Before you intend to perform minor electrical repairs yourself, you'll need some basic tools for the job. Attempting to perform any type of skilled work without the proper tools leads to poor results.
However, doing electrical work without task-specific tools can have more disastrous results. Fire, electric shock, or death by electrocution can occur. This makes the use of proper equipment essential when you choose to do your own electrical repairs.
Basic tools for electrical work
This tool is used to ensure that power has been turned off to an electrical circuit on which you intend to work. Using a voltage tester before performing electrical repairs guarantees that the correct circuit breaker is turned off before work is initiated, and also adds an additional step to each task that instills mindfulness of the destructive power of electricity and assurance that it is contained.
Voltage testers are available in a variety of styles and prices, from a simple inexpensive light with two wired prongs to advanced non-touch models that increase in price according to their additional features.
This tool is used to cut sheathes of wire and individual wires to length, and is also essential for stripping insulation from the ends of individual wires for connection purposes.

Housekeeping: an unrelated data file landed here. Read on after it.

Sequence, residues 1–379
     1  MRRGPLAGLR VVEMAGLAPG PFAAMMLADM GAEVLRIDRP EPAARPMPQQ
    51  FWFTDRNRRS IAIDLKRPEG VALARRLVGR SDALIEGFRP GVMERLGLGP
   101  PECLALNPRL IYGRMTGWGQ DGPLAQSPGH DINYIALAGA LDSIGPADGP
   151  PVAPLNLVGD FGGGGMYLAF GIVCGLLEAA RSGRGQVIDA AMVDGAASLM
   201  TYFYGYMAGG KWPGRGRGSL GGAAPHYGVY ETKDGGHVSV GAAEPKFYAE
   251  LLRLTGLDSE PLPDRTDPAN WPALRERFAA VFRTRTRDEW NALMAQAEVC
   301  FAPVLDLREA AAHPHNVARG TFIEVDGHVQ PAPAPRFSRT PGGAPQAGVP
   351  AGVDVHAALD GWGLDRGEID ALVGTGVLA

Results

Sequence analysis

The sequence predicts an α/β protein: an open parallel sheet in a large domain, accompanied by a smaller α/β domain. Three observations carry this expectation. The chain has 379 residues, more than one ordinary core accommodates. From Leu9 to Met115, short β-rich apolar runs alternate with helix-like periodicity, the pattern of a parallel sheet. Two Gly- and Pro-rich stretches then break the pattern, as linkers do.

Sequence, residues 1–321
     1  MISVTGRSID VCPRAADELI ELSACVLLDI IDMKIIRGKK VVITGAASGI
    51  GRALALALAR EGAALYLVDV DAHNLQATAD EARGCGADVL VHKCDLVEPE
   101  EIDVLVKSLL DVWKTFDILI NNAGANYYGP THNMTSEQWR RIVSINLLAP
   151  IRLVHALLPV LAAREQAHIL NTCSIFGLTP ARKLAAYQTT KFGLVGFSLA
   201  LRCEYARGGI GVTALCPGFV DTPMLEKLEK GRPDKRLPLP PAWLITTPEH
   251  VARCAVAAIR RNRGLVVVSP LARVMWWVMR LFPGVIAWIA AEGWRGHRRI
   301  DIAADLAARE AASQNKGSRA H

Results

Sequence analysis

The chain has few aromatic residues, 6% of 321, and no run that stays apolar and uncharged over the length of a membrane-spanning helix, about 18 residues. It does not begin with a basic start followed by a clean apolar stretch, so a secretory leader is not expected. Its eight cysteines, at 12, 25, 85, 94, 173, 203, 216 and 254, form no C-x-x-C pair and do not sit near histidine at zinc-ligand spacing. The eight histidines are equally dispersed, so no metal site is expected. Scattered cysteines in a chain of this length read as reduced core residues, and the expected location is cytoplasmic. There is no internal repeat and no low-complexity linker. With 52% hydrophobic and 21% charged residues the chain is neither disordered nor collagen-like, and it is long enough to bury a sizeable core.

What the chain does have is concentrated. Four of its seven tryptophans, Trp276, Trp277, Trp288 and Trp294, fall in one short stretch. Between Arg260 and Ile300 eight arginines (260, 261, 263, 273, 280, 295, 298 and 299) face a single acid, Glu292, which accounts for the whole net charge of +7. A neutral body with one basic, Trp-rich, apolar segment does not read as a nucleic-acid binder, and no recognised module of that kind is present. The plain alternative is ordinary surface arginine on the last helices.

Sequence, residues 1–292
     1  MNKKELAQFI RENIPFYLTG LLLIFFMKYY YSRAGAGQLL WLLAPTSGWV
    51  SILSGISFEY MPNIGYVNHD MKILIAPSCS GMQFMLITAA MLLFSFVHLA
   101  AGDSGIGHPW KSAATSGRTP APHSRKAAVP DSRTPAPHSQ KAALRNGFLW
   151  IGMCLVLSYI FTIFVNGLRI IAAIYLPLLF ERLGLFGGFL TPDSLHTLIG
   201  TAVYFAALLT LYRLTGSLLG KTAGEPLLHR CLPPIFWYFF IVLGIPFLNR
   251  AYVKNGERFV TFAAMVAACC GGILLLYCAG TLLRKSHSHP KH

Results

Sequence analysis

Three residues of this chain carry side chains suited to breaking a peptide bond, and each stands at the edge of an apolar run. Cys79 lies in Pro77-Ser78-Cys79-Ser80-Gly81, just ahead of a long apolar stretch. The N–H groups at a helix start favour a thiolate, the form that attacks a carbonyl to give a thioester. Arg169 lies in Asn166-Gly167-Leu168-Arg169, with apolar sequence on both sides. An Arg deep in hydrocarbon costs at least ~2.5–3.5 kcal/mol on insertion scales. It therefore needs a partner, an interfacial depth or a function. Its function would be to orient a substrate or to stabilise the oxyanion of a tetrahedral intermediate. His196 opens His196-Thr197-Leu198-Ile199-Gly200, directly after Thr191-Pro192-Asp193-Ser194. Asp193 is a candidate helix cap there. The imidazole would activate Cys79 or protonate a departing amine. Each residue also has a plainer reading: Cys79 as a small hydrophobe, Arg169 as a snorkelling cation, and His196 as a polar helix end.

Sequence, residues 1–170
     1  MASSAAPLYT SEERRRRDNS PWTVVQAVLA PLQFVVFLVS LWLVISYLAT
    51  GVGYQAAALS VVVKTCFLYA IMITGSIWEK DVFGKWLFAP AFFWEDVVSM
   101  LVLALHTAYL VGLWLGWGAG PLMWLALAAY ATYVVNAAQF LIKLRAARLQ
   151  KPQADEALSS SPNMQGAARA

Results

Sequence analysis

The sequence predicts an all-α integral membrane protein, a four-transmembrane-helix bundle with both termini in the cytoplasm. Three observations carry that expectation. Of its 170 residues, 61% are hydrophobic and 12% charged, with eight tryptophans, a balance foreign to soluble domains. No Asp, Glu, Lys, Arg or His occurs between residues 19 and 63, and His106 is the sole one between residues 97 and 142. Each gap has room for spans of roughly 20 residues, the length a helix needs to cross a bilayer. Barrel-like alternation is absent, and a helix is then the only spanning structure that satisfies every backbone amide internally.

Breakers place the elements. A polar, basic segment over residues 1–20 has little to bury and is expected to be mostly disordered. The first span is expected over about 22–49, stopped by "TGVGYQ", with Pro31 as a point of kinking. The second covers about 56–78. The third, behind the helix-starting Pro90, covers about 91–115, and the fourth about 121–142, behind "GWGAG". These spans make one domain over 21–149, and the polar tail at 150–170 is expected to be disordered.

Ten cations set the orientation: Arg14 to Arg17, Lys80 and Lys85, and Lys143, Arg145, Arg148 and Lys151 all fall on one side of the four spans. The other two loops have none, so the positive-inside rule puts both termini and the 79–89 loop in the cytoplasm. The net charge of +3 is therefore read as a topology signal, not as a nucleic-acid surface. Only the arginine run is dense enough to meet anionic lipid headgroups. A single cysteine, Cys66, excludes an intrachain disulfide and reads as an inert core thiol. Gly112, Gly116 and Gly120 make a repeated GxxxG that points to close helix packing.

While tin snips and other cutting tools can be used to cut wire, the cuts are often not as clean and accurate as with a wire cutter.
Wires may also be stripped of insulation with a utility knife or another sharp tool, but you run the risk of nicking wires, which may cause performance and safety issues, or slicing your fingers when attempting to strip thin and flexible electrical wire.
Wire fish tape
If you intend to feed sheaths of wire through finished walls and ceilings, you'll need this tool. Running wire through existing walls is often the breaking point for the amateur electrician, and will lead even the most enthusiastic do-it-yourself repairman to call the nearest electrical contractor to finish a wiring job.
A wire fish tape is not actually a tape, but a thin metal cable that is unrolled like a measuring tape from a spool that operates like a fishing reel. The cable is fed into a wall or ceiling and its flexibility allows it to travel around corners and obstructions.
When the cable reaches its destination, the wire is secured to a hook on the end of the cable, and the wire is reeled in through walls and ceilings by turning a handle on the side of the tool,
Electrical tape and wire nuts
While these are not tools, but supplies, they are necessary for all types of wire connections. When wires ends are twisted together, a wire nut, which is shaped like a cap from a tube of toothpaste, is twisted onto the wires to secure them.
Electrical tape is then wrapped around the opening of the wire but to add further security and keep moisture away from the wire connection.
Because wiring connections require wire nuts of different sizes, keep a multi-pack of various sizes on hand to ensure that you have the right size when you need it.
Contact a local electrician, like D & D Electric Enterprises, Inc., if you need more assistance.